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Draft King Analysis
September 8, 2012
Lou Pickney,

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The second Saturday of the college football season has arrived, and later today many of the best teams and players will be in action. Some of the matchups will resemble squash matches from 1980s WWF syndicated programming, e.g. Savannah State at Florida State. It's tough to get a true feel for the talent level of a given team or player when they face second-rate competition, but given the economic realities of college football, fans just have to deal with it. And, of course, there are always surprises, whether it's Youngstown State over Pitt in week one of this year or Appalachian State beating Michigan in Ann Arbor in 2007, a game so historic that it earned its own Wikipedia page listing.

But there will be plenty of entertaining matchups to watch today, albeit no games between ranked teams. We should have had West Virginia at Florida State to enjoy, but with WVU jumping to the Big 12 a year early *and* that conference going with a nine-game schedule, WVU opted out of playing the Seminoles in Tallahassee and instead we have the first 70+ point spread in the history of college football. Such is life. Though, as Utah State proved last night against Utah, anything can happen in college football.

The SEC debuts of both Missouri and Texas A&M happen today, with Mizzou hosting Georgia and Texas A&M hosting Florida. The Gators never play non-conference road games, so this scenario is the only way short of a crazy Jerry Jones style cash infusion that the Gators would end up playing in College Station. I liked the SEC at 12 teams and seeing it swell to 14 teams disappointed me, if for nothing else because of the geographical strain it will put on the league. Of course, expanded geography means a larger coverage area for the conference (St. Louis, Kansas City, and interest all across the state of Texas). The conference jumbling is destroying traditional matchups, which saddens me, but they didn't ask me for my opinion before the wheels went into motion.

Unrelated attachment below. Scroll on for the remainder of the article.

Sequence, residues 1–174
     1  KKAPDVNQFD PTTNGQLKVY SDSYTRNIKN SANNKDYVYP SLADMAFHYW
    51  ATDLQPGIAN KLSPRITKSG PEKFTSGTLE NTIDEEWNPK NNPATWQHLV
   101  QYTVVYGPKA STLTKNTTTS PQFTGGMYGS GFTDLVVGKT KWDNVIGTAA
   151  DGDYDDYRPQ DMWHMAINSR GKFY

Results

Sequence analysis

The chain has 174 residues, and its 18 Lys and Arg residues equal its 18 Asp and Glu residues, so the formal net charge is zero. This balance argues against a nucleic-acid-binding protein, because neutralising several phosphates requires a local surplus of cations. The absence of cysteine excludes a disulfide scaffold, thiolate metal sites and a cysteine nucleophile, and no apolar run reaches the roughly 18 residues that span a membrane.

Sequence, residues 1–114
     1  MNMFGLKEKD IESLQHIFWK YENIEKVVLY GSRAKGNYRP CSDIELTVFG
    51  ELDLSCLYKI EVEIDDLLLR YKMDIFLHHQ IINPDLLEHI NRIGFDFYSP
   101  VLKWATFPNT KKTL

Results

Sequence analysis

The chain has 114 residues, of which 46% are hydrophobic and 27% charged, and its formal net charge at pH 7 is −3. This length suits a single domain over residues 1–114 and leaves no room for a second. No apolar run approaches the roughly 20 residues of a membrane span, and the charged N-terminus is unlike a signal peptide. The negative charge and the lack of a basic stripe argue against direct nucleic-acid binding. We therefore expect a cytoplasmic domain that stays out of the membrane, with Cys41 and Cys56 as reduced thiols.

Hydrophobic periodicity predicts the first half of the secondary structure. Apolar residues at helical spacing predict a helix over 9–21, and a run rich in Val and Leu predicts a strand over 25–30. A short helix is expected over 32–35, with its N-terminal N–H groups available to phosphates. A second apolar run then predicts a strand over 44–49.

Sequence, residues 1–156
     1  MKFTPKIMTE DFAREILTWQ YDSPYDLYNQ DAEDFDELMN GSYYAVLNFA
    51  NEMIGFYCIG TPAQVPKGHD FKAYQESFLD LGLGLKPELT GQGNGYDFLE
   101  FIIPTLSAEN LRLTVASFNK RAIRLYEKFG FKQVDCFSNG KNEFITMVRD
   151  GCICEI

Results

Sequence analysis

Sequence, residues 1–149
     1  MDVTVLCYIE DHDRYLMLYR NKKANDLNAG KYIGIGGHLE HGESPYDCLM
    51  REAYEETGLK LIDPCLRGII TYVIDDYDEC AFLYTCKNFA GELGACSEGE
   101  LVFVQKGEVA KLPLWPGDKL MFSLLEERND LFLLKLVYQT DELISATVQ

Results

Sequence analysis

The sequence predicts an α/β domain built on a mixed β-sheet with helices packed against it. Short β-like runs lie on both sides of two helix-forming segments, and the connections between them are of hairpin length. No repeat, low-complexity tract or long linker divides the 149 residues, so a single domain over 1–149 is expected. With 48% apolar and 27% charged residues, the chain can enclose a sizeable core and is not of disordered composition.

At work the topic of the long-overdue I-A/FBS playoff system came up during the week, and one of my anchors said he thought the Mini Vader size playoffs started in 2013. I had to be the bearer of bad news through his IFB (earpiece): nope, we have to wait until 2014 for them.

The upside: once the huge power players see how much cash that a four-team playoff with generate, we'll see it expand to eight and then hopefully 16. But a four team system is a good start, and if nothing else it should ensure that an unbeaten major conference team won't be left out of the chance for a national title, like Auburn was in 2004. It will take some time, but the Mini Vader Playoffs are a good start.

The real fun starts tomorrow for pro football fans, with 13 games to enjoy (and two more on Monday night). To say that I'm giddy about having the NFL Red Zone channel for the first time is a colossal understatement. Besides seeing it at my buddy Mike's place when I lived in Nashville, I've been deprived. And, while I miss Nashville in many ways, I won't miss the silly blackout rules on Sundays when the Titans had a home game on a network that didn't have a double-header. One early game, one late game, and that's it for the day games unless you have the NFL Sunday Ticket package. I can't say that I'm excited for a heaping helping of Bengals and Steelers and Browns games, but at least three local OTA games will be in play every week... and there's something to be said for that.


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